I have had the SG-237 for nearly 5 years and it has worked perfectly matching my random length wire across the bands, due to changes to the garden, I had to power down the SG-237 for a few weeks, on powering up, nothing would tune.
Checking current to the tuner showed that no power was being drawn, so off came the lid, and out came the voltmeter.
Tracing 12v through the circuit, it appeared their was a break between jumper J5 and the fuse holder, (the 2A fuse was in tact), but I couldn’t see any damage to the PCB tracks.
The reply from the SGC support ticket was within two days and their tech support said this was a very unusual fault and bridging from J5 to the base of the fuse holder was fine.
I can only deduce that the track link is made within one of the layers of the multi layer PCB, I did try and re float all the relevant solder connections, but this didn’t work unfortunately.
In the end, I soldered a link from the diode, bypassing J5 as I’ll never remove the link to the fuse holder, this link now removes another future point of failure and everything works just fine 🙂
I bought my bird bath second hand for £10 and have had it for several years, I’ve always hated the colour and topping it up with the watering can every day was getting to be a pain.
So I thought I would ‘ kill two birds with one stone’, (I know, not the best phase considering the context), anyway, a nice little project in the making.
My original design ended up way to complex, the plan was to use a Programmable Logic Controller to drain the bowl and refill it everyday, plus some other tweaks such as overfilling the bath to flush out waste and only draining down at night etc.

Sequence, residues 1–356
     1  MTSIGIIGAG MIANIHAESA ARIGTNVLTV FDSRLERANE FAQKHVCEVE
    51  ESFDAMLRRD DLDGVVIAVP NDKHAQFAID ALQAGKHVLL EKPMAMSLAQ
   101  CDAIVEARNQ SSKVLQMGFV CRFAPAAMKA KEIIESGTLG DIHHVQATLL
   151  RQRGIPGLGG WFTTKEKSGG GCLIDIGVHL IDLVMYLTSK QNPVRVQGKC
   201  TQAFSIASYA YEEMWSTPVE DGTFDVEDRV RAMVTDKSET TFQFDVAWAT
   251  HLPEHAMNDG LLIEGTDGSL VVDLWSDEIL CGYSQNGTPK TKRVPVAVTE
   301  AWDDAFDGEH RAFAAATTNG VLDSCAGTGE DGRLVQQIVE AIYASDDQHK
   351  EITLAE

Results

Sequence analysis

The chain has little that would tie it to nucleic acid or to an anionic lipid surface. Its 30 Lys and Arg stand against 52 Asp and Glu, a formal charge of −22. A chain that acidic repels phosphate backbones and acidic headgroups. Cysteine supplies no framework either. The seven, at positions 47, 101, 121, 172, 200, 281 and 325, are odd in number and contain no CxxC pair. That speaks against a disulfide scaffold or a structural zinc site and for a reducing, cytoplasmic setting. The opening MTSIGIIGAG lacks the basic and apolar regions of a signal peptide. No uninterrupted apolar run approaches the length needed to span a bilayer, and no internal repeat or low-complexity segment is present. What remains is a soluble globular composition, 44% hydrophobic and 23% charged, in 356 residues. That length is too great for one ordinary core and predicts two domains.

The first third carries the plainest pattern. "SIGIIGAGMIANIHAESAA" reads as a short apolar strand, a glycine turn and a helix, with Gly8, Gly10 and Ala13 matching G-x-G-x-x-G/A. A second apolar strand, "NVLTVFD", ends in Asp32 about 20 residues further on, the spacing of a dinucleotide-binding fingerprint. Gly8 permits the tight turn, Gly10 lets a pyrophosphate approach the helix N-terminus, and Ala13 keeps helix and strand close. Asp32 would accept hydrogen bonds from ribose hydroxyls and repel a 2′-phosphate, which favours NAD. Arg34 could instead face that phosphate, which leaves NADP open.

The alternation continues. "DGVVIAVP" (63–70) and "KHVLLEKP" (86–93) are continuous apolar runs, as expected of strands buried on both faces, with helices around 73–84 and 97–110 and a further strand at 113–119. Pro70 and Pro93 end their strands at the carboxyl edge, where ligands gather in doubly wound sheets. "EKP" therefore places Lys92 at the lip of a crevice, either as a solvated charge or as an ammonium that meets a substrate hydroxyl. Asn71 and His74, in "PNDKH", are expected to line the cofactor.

I did a relality check and simplified the design to simply fill when the level in the bowl gets low, however, the plumbing manifold was made to allow auto draining if I choose to do it later.
Current Operation – This is very simple and needs no manual intervention. With the water supply and power on, the liquid level controller keeps the solenoid fill valve closed as long as a circuit is made via the water from the common connector (metal tank connector) to the low level brass stud.
When the water level drops below the low level stud and the contact to the common connector is missing, the controller, after a short delay, powers the fill solenoid valve and water enters the bird bath, once the water touches the upper contact (high level), the solenoid power is removed and the valve closes.
How it was made – As the bird bath is made of plastic and the top bowl lifts off the column, I was able to put hardware out of view inside the base.
First job was to drill and fit the 15mm Tank Connector (£2.79) and a small length of 15mm copper pipe in the top bowl, this will connect to the filling manifold via a push fit coupling, the copper stub will also act as a ‘Common’ connector for the level sensor circuit.
The manifold is made of 15mm copper pipe with end fed fittings, the manifold is connected via a 15mm ‘push fit’ connection to the bowl stub, thiis makes maintenance very easy as it all comes apart quickly. The finished pipework is fully lagged.
The liquid level control PCB was off eBay (£3.65 and) fitted neatly inside an IP rated enclosure I already had, in the picture above you can see an earth wire which is soldered to the stub pipe from the bowl and the black cable is a two core to the high and low level stud contacts.
The solenoid is 1/2″ version, 12vDC and connects to the water supply via 15mm tap connectors with fibre washers (£1.50 @ B&Q), I fitted a flywheel diode across the terminals to avoid pitting the PCB relay contacts, the valve was off eBay and cost £4.32.
The studs are Pan Head 12mm x 4mm brass machine screws commonly used for metal conduit box lids, the studs are positioned at the low level and high level marks. On the underside I have used hot melt glue to secure the sensor connecting wire.
Finished project and a new colour, Winsor Green. The water supply to the bird bath is via a hose from an outside tap, the connection at the bird bath is via a hozelok connector with an isolating ball valve, the valve is ‘gagged in’ so the when the solenoid opens, the bath fill is quite slow,
12vDC to power the circuit board and solenoid is fed from an external IP rated socket with a small plug in PSU.